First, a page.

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Penn Valley’s Renaissance man

On Feb. 16, Ken Beatie of Rough and Ready turned 90 years old. If you’re looking for longevity tips, here are the two staples Ken has every day: One drink of 12-year old single malt scotch, with a little water, and a chocolate ice cream cone.

Beatie was born in Stockton and inherited the Northern California Caterpillar dealership his father founded in Marysville in 1931. Energetic and talented by nature, he was not content with the status quo and grew the business to where it now serves 17 counties in Northern California. It is headquartered off of Highway 99, about five miles from the Sacramento International Airport. Gordon Beatie, Ken’s son, ran the business after his dad retired in 1980. The family continues to be involved with the dealership.

Having been retired for 26 years, you might think Ken Beatie would play golf, or spend time musing on his success. But this renaissance man took the opportunity in later life to develop and express his creative talents, fashioning hundreds of beautiful stained glass works, including the wonderful circuit rider at the North San Juan Methodist Church.



Besides his stained glass art, Beatie has exhibited architectural talents, designing his original home at the Rough & Ready Ranch, a 45-acre parcel he purchased and has lived on since 1955 with his wife, the late Helen Arbogast Beatie. She died several years ago after suffering for years from the effects of a debilitating stroke. The ranch has since been subdivided into nine properties, with Gordon Beatie and daughter Karen Wood living on the ranch as well.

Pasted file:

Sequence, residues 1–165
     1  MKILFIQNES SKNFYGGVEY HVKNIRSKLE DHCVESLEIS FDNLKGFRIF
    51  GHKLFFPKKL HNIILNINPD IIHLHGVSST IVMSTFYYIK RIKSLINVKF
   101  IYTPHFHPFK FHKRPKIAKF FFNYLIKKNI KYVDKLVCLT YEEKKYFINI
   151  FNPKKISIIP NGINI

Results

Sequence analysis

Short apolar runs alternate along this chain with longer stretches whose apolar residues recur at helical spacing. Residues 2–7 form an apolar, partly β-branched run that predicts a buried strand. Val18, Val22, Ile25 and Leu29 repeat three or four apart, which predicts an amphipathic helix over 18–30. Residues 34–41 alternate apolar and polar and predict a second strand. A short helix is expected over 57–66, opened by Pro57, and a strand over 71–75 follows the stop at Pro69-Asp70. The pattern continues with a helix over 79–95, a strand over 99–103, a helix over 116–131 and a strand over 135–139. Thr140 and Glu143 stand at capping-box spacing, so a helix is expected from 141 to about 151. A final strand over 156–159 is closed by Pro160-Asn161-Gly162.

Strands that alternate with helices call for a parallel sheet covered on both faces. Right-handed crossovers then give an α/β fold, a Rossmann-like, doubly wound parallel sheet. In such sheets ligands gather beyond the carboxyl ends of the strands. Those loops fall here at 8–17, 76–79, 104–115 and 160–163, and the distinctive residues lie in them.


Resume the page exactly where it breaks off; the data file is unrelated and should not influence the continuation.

These days, Beatie’s activities are more curtailed due to slowing down by age, and he doesn’t particularly like it. Asked how he spends his time, he says, “You’re looking at it,” as he sits in his favorite easy chair in his study, with a bird’s eye view out to the horizon and the Sierra Buttes.




“I kind of miss getting out and doing things,” he says, “but I poop out pretty easy. The legs aren’t as good as they used to be.”

Despite being less active, Beatie still has a twinkle in his eye, a ready laugh and loves getting out each day to visit his favorite restaurants with family members. He is a regular at the Swiss House, where his standard fare is salad, french onion soup and crème brulee. Another spot he loves is the family-owned Donner Mine Camp, run by son Daniel, and a frequently used facility by nonprofits, including Music in the Mountains.

Beatie only gave up driving last year and now uses a golf cart to drive around his ranch. One of the coolest things he did is use his creativity to design a car, the Teardrop, in 1938. The open-top car had only a front seat that accommodated three people, a rear engine, and the exterior was made out of water pipe and covered in airplane cloth.

“I always did anything mechanical. I just took to it,” he says.

Beatie’s office is full of great memorabilia, from family trips to Alaska, one of his favorite destinations, to old mining tools that he inherited, to photos of he and his wife, who, as a member of Fair And Tender Sex, performed the original plays at Rough and Ready Secession Days.

A pilot – he flew his own Cessna from Marysville to Sacramento, commuting on business – a fisherman, an artist, a father, husband and designer, Ken Beatie fits the bill for a true renaissance man.

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The Penn Valley Lions Club, Network Real Estate’s Penn Valley office and the Tack Room are holding a Trap Shoot on Sunday. Proceeds benefit the Walt Becker Scholarship fund for high school students. For more information contact Lions Club member Bob Webster at 432-0171.

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This column celebrates the people, places and activities that define the Penn Valley, Rough and Ready and Smartville areas of Nevada County. If you have an interesting person or subject to feature in this column, or a newsworthy item, please e-mail jeans@theunion.com.


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